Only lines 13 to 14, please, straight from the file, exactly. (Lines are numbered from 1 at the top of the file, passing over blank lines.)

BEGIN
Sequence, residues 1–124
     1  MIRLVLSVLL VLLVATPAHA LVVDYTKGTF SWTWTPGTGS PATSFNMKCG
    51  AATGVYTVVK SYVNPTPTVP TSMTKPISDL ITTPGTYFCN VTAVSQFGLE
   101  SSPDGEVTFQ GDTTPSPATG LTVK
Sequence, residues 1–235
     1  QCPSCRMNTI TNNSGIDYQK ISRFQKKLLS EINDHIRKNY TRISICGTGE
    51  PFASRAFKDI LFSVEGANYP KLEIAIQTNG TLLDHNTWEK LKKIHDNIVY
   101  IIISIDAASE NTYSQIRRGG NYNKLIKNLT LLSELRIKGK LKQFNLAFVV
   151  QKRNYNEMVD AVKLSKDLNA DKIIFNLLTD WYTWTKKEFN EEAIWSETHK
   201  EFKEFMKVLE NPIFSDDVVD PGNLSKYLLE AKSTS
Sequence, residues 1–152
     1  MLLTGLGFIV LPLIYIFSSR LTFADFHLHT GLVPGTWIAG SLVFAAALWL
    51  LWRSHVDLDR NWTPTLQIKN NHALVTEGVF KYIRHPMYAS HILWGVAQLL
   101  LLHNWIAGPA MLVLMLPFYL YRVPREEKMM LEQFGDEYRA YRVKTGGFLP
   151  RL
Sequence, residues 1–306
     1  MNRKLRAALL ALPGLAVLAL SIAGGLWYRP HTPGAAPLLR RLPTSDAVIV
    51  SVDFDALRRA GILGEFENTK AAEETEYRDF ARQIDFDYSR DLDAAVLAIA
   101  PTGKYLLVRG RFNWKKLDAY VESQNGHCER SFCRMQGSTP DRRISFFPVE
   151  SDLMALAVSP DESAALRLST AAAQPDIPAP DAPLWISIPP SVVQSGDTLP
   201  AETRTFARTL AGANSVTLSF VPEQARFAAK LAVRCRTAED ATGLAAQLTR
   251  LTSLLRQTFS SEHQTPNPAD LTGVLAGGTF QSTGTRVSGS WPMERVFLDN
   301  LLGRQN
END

    51  LWRSHVDLDR NWTPTLQIKN NHALVTEGVF KYIRHPMYAS HILWGVAQLL
   101  LLHNWIAGPA MLVLMLPFYL YRVPREEKMM LEQFGDEYRA YRVKTGGFLP